Subsequently, we linked the information extracted from the Wikidata items to the actual Wikipedia articles that feature these items, i.e. paintings. The purpose of this was to study the reach of digitized paintings within wikipedia and thus investigate a possible relation with the access of these paintings to open versus closed institutions. We moreover wanted to know where the original image file visible on Wikipedia comes from, since we wanted to investigate if Wikipedia users upload image files regardless of whether they have legal access to it or not.

Querying Wikipedia: By quering Wikipedia we retrieved the following metadata related to the wikidata items that are marked as ‘paintings’ and have an image file uploaded to them. The table contains 28,613 Wikidata items in total with the property ‘painting’ and an uploaded image file to them. The items are being used in a total of 160,174 Wikipedia articles. Scanning the dataset, we realized that the table contained also entries that referred to Wikidata, Wikisource, Wikiquote, Wikipedia archives and Userpages instead of only Wikipedia pages, i.e. articles.

Table n. 2: wikidata_id, Wikicommons_ID, Picture_Title, Article_Title, Article_Wiki, Article_URL.

Frequency of Wikipedia articles per Wikidata painting: Our next step was to find out which paintings are most often featured in Wikipedia articles. Therefore, we first sorted the table we retrieved from Wikipedia according to the Wikidata ID since each ID represents a painting. We sorted it top-down, so that the most used Wikidata_IDs (i.e. paintings) are listed on the top of the table. Based on this analysis we got a top 100 list of the most appearing Wikidata paintings in Wikipedia articles.

Wikipedia language version per painting: In order to retrieve information about the different Wikipedia article language versions the paintings exist in, we used the same list of the top 100 paintings most featured in Wikipedia articles. We chose an online open source software tool for working with the data, ‘OpenRefine’ (formerly Google Refine) to count the different language versions for each of the top 100 paintings with the most Wikipedia articles. We then chose the first 20 paintings and sorted them according to the count of language versions the articles exist in, the paintings featured in the most languages on top. For example the self-portrait by Eugene Delacroix ( 1837) appears in 10 different languages. It is most often featured in French articles (see also ‘Findings’). The purpose of this analysis was to explore the reach of the different paintings across different Wikipedia language versions and therefore the scale of their internationalization and cultural spread.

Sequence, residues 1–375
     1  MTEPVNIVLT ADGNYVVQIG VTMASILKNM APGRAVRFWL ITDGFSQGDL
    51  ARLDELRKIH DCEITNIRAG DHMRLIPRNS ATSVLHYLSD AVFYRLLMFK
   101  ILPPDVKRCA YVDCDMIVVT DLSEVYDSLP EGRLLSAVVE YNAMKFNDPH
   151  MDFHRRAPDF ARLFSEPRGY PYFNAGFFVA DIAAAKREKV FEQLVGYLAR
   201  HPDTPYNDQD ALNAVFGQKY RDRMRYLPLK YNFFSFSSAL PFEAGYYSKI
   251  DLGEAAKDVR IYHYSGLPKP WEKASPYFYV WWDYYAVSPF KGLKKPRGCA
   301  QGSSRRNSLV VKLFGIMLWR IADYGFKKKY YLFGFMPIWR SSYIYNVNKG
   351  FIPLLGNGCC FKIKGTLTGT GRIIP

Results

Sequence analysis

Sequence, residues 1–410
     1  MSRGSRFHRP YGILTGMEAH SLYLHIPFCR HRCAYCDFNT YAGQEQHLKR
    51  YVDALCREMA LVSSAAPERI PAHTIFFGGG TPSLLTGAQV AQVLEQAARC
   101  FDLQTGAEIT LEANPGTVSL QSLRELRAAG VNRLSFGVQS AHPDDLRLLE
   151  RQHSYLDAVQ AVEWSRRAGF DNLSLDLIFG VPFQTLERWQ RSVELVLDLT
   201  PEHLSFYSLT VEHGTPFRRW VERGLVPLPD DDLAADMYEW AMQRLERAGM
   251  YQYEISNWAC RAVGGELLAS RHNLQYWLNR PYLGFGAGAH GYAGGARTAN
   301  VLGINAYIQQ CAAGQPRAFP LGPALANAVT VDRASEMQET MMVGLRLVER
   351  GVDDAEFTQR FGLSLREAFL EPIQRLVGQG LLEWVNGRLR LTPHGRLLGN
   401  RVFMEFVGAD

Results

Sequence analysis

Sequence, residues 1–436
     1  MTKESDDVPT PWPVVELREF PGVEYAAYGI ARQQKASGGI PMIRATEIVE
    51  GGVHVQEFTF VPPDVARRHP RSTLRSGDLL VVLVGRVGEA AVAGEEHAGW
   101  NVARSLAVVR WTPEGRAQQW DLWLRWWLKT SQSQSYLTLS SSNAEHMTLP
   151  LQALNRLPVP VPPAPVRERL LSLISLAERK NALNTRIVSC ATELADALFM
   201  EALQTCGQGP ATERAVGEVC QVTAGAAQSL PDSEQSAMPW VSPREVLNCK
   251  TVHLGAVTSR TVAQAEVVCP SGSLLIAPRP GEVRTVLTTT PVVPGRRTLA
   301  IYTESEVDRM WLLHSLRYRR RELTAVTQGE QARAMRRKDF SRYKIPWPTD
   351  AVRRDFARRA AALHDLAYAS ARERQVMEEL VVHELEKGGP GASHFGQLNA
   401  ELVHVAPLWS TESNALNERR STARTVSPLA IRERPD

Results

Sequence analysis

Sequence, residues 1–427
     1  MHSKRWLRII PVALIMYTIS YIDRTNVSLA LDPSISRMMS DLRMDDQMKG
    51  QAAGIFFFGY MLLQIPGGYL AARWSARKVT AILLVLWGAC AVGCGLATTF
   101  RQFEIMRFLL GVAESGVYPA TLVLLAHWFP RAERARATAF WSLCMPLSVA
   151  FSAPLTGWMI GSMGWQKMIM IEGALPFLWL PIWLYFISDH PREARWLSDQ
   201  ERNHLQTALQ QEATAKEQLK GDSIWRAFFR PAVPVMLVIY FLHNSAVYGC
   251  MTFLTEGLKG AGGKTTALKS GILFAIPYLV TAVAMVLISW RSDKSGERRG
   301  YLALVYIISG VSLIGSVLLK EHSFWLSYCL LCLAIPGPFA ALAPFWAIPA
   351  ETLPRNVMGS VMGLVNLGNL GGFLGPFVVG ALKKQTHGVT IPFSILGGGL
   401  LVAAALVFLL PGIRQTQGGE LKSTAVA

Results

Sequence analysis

Frequency of Wikipedia articles per Wikidata painting: Our next step was to find out which paintings are most often featured in Wikipedia articles. Therefore, we first sorted the table we retrieved from Wikipedia according to the Wikidata ID since each ID represents a painting. We sorted it top-down, so that the most used Wikidata_IDs (i.e. paintings) are listed on the top of the table. Based on this analysis we got a top 100 list of the most appearing Wikidata paintings in Wikipedia articles.